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Little things mean a lot to kids who age out of county foster care.
By RODNEY THRASH, Times Staff Writer
Published January 31, 2008
TAMPA - Linda Lee opened the black suitcase. Inside, she found this:
An alarm clock.
A leather portfolio.
Ziplock bags containing lotion, shampoo, mouthwash.
It might not seem like much to most people, but to Lee, who has been in the foster care system since the third grade, "small things like these, I consider really big."
Lee is part of Connected by 25, a program that equips Hillsborough County foster children with necessities to survive as young adults. A senior at Plant City High School, she's learning how to open a bank account, budget money, find a job, go to school. On Wednesday, she and 49 other soon-to-be 18-year-olds who will age out of the county's foster care system received something else.
"Toothpaste," said Lee, who turned 18 in September. "It might sound silly, but every penny does add up for us because we have to save, budget and make sure we can pay our bills on time."
Deeksha Bhat and Alexandra Grawe, both 16 and juniors at Hillsborough High, donated the suitcases and their contents, which they paid for with donations and money raised from a garage sale and a raffle. In the spring, they started a Helping Hand charity after reading about the difficulty one woman faced after life in foster care.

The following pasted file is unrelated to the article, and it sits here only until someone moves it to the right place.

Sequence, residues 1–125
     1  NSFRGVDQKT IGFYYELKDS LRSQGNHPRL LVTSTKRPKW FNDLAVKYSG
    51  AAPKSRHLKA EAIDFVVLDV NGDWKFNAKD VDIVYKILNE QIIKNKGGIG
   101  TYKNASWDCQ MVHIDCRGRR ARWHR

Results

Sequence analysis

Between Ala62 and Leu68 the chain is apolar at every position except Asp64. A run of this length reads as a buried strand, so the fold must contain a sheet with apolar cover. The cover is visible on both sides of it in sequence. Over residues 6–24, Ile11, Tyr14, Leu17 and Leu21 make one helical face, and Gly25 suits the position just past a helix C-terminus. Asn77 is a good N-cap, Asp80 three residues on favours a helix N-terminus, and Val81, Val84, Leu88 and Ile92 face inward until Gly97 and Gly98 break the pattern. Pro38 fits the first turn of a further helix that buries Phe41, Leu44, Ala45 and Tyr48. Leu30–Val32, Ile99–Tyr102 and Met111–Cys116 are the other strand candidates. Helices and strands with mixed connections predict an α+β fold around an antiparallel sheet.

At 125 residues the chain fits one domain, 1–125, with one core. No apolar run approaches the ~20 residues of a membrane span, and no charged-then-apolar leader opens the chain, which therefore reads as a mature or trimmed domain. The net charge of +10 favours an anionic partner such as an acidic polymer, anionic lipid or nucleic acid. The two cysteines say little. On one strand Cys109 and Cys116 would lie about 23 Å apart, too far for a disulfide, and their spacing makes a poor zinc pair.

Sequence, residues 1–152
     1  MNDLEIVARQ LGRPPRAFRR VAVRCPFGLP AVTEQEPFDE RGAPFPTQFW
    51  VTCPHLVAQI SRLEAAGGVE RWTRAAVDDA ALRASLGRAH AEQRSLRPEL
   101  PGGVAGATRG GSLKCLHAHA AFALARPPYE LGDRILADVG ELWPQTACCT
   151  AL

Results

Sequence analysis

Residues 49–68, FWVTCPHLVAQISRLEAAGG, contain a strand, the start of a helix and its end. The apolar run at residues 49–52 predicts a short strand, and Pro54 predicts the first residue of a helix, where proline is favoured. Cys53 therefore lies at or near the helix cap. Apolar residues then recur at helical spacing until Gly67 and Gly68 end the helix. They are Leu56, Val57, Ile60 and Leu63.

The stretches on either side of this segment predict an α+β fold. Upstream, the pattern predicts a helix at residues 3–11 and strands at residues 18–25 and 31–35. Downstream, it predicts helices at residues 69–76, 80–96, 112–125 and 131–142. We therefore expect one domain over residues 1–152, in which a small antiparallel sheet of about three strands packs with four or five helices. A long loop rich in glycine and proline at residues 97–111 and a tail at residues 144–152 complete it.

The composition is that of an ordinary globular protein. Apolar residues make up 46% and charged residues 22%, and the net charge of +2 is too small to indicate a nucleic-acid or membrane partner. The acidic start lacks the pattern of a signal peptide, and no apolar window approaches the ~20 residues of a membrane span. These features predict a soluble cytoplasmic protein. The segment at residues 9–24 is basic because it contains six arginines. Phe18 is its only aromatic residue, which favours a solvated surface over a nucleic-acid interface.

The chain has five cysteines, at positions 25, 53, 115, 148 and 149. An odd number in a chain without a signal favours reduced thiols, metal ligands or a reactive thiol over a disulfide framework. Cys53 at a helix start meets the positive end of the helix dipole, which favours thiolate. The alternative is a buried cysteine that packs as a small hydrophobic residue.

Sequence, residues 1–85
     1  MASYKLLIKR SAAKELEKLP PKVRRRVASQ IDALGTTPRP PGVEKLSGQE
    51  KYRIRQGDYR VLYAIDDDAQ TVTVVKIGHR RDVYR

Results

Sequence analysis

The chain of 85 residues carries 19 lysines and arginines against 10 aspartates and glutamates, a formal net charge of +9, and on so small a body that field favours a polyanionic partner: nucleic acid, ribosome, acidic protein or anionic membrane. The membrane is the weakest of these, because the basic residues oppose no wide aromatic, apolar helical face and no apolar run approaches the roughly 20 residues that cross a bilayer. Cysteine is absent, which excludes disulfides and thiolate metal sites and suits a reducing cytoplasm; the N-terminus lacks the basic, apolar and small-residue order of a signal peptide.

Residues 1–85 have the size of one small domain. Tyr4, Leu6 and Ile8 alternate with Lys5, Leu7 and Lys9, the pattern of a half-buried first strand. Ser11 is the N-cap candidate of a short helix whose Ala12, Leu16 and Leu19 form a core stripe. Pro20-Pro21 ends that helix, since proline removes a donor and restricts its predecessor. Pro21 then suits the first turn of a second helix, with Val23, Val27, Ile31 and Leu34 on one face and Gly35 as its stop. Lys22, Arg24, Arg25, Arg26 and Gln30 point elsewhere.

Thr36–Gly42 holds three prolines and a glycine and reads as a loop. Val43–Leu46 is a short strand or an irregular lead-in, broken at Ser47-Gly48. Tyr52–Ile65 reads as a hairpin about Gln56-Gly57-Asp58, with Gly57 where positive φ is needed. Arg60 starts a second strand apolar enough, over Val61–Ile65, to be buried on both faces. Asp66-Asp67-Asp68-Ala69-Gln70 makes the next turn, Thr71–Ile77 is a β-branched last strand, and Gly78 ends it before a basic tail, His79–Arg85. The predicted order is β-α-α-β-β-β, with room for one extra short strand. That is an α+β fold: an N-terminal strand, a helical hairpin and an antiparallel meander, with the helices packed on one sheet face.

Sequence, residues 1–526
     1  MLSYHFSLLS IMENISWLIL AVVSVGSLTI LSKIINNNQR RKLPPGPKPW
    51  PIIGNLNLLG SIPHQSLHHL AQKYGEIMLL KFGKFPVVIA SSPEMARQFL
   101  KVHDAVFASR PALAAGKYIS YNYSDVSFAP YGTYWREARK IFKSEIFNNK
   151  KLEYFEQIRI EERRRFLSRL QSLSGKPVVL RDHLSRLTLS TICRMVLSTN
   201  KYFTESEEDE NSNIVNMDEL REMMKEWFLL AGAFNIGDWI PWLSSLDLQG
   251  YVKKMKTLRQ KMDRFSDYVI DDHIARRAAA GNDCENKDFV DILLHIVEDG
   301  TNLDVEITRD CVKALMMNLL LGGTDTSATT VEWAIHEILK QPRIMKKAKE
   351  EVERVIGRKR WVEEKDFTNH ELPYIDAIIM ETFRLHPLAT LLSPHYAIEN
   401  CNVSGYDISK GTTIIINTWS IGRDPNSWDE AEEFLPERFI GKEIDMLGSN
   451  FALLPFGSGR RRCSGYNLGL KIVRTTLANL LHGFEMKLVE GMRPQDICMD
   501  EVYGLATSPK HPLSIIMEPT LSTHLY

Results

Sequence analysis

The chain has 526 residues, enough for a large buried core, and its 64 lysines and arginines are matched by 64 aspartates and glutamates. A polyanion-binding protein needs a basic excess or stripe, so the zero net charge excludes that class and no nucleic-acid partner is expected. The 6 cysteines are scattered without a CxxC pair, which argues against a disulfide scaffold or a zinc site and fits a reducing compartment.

For Grawe, turning 18 means "college, the end of high school, the end of me being a kid," Grawe said.
But for Lee, turning 18 has a less celebratory connotation: abandonment, confusion, bills. After graduation from Plant City High in May, she won't have anyone she can call for help. All she will have is herself.
"Deeksha has her mom and dad," Lee said. "Every time she falls, they'll pick her back up and say, 'It's going to be okay.' If we fall, it's going to be a hard fall."
Countywide, there are 2,758 children in foster care. Of those, 136will age out of the system this year, said Paula Perry, director of community relations for Hillsborough Kids Inc.
"They literally come into foster care without anything," said Diane Zambito, the executive director of Connected by 25. "They only have garbage bags, if they have anything at all. Deeksha and Alexandra have personal items that empower these young people."
Lee helped Bhat and Grawe lug the suitcases into Connected's office on East Palm Avenue. Afterward, she sat down and reflected on what had just happened.
"This," she said, "is amazing."
Rodney Thrash can be reached at email@example.com or (813) 269-5303.
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[Last modified January 31, 2008, 00:29:55]